Gina Rinehart is once against making waves in Australia.
The heir to a multi-billion dollar mining company and the world’s richest woman said last year that Australians should be happy making $2 a day. She also urged Australians to stop being lazy and work harder if they too wanted to achieve great success, an ironic note considering Gina Rinehart inherited her wealth without lifting a finger.
Now Gina is back in the news for a move she pulled with her family’s mining company, Hancock Prospecting. She arranged it so her children would forfeit their shares to her if she was ever removed as head of the family’s multi-billion dollar trust.
The revelation came out in court this week, where Rinehart is locked in a court battle with two of her children over control of the Hope Margaret Hancock Trust.
“The changes she made to the constitution of Hancock Prospecting prevent my clients from ever taking distribution of shares in Hancock Prospecting and prevent her from ever being removed as trustee,” a lawyer for Rinehart’s children noted.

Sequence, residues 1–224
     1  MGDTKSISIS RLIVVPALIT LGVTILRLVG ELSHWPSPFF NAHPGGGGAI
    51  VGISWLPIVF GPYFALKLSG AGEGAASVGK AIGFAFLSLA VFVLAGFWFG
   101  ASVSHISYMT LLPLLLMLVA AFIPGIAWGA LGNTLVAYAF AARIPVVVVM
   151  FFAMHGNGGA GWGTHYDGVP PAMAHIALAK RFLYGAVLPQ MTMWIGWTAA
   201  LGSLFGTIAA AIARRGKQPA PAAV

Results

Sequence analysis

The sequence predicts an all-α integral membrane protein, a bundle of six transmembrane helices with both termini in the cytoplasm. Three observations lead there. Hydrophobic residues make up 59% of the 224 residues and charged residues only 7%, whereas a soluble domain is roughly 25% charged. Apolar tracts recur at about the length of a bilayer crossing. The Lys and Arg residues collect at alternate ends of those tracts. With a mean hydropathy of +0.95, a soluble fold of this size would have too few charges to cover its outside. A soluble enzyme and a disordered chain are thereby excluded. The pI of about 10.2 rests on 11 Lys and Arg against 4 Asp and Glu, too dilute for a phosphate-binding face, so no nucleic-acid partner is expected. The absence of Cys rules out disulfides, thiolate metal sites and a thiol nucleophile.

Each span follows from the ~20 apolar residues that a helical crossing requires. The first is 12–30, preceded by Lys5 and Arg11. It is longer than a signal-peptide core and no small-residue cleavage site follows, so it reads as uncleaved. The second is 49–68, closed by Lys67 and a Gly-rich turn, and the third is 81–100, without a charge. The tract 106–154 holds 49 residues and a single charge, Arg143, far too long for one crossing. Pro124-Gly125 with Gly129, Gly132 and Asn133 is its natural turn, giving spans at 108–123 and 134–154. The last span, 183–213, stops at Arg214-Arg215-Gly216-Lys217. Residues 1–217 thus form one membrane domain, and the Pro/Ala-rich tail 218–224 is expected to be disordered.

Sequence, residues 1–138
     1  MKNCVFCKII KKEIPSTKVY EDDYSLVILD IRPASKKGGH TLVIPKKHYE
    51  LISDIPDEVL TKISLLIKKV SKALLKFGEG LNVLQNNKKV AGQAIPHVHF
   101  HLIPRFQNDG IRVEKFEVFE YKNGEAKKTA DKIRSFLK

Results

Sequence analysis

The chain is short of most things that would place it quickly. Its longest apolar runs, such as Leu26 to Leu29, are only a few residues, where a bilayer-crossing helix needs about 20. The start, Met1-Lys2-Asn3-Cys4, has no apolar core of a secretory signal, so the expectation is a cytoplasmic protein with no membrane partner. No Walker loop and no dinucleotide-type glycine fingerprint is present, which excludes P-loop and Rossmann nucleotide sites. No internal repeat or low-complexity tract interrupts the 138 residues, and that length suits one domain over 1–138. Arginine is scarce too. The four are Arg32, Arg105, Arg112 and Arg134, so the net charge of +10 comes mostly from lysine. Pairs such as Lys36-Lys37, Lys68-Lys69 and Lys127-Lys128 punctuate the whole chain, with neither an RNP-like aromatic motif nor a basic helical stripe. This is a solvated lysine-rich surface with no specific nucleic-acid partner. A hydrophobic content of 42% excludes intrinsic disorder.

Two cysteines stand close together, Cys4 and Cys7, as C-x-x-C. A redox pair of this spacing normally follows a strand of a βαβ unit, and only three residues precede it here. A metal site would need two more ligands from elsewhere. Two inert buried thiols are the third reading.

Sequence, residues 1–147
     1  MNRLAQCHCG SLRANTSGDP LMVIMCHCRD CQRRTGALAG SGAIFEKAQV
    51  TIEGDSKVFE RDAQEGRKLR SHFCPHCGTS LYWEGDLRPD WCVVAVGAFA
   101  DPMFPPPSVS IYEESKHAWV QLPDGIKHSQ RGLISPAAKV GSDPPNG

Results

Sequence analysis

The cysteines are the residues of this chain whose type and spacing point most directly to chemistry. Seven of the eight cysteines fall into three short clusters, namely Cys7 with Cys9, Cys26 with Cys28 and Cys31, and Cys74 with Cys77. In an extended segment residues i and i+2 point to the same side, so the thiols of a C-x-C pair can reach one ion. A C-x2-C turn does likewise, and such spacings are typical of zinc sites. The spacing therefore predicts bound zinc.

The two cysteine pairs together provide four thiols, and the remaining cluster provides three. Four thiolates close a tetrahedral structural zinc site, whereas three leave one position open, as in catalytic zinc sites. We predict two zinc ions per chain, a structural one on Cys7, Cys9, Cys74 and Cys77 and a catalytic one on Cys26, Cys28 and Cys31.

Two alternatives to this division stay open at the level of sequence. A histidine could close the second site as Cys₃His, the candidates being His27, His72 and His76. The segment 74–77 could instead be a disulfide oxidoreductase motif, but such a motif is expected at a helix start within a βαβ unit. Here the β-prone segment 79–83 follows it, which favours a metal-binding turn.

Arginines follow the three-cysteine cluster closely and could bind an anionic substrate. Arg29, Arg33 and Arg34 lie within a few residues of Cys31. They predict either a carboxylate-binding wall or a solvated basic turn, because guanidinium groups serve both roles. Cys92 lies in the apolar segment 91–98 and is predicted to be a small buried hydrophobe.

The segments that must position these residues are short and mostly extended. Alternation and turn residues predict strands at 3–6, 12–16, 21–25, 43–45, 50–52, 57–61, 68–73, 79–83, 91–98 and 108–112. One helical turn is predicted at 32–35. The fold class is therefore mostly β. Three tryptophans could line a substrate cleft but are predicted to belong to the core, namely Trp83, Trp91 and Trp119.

Justice Patricia Bergin, who is overseeing the case, said it was a ”very serious allegation” being made against Gina Rinehart.
”You’ve made a claim [Mrs Rinehart] misbehaved by amending the constitution and that misbehaviour was as trustee for a particular purpose,” Bergin said.
It seems that Rinehart may be trying to prevent her children from following her own easy path to wealth, a stance she’s taken before. In a column last year for Australian Resources and Investment magazine, she said the path to becoming wealthy is paved with hard work.
“There is no monopoly on becoming a millionaire,” Gina Rinehart wrote. “If you’re jealous of those with more money, don’t just sit there and complain. Do something to make more money yourself – spend less time drinking or smoking or socializing, and more time working,”